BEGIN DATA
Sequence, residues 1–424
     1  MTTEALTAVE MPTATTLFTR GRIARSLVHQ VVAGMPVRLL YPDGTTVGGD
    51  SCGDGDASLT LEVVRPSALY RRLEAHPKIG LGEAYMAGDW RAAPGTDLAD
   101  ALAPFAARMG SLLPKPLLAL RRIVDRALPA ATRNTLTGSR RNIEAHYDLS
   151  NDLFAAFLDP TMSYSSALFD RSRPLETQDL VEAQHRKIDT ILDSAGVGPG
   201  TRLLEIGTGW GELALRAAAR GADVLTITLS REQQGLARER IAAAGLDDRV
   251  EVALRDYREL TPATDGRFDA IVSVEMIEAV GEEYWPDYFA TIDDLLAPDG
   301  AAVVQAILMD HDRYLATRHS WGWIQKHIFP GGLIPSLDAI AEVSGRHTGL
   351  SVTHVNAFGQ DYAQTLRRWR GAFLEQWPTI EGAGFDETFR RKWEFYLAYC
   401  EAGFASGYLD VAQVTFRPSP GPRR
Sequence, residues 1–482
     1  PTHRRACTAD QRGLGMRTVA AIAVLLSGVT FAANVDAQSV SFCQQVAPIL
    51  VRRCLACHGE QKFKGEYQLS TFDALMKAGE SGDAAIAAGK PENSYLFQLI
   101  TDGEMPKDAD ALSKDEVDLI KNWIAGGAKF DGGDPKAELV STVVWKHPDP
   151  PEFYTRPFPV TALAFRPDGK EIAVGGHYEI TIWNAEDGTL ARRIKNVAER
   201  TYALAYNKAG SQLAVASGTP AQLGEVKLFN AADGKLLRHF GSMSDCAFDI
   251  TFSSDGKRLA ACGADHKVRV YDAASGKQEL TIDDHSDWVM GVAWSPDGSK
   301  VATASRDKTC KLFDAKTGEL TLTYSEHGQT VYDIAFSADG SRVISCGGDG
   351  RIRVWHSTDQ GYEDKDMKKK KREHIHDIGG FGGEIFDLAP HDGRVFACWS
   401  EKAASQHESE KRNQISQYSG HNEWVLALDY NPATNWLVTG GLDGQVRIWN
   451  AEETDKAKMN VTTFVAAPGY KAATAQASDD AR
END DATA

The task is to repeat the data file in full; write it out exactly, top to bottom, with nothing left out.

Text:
Sequence, residues 1–424
     1  MTTEALTAVE MPTATTLFTR GRIARSLVHQ VVAGMPVRLL YPDGTTVGGD
    51  SCGDGDASLT LEVVRPSALY RRLEAHPKIG LGEAYMAGDW RAAPGTDLAD
   101  ALAPFAARMG SLLPKPLLAL RRIVDRALPA ATRNTLTGSR RNIEAHYDLS
   151  NDLFAAFLDP TMSYSSALFD RSRPLETQDL VEAQHRKIDT ILDSAGVGPG
   201  TRLLEIGTGW GELALRAAAR GADVLTITLS REQQGLARER IAAAGLDDRV
   251  EVALRDYREL TPATDGRFDA IVSVEMIEAV GEEYWPDYFA TIDDLLAPDG
   301  AAVVQAILMD HDRYLATRHS WGWIQKHIFP GGLIPSLDAI AEVSGRHTGL
   351  SVTHVNAFGQ DYAQTLRRWR GAFLEQWPTI EGAGFDETFR RKWEFYLAYC
   401  EAGFASGYLD VAQVTFRPSP GPRR
Sequence, residues 1–482
     1  PTHRRACTAD QRGLGMRTVA AIAVLLSGVT FAANVDAQSV SFCQQVAPIL
    51  VRRCLACHGE QKFKGEYQLS TFDALMKAGE SGDAAIAAGK PENSYLFQLI
   101  TDGEMPKDAD ALSKDEVDLI KNWIAGGAKF DGGDPKAELV STVVWKHPDP
   151  PEFYTRPFPV TALAFRPDGK EIAVGGHYEI TIWNAEDGTL ARRIKNVAER
   201  TYALAYNKAG SQLAVASGTP AQLGEVKLFN AADGKLLRHF GSMSDCAFDI
   251  TFSSDGKRLA ACGADHKVRV YDAASGKQEL TIDDHSDWVM GVAWSPDGSK
   301  VATASRDKTC KLFDAKTGEL TLTYSEHGQT VYDIAFSADG SRVISCGGDG
   351  RIRVWHSTDQ GYEDKDMKKK KREHIHDIGG FGGEIFDLAP HDGRVFACWS
   401  EKAASQHESE KRNQISQYSG HNEWVLALDY NPATNWLVTG GLDGQVRIWN
   451  AEETDKAKMN VTTFVAAPGY KAATAQASDD AR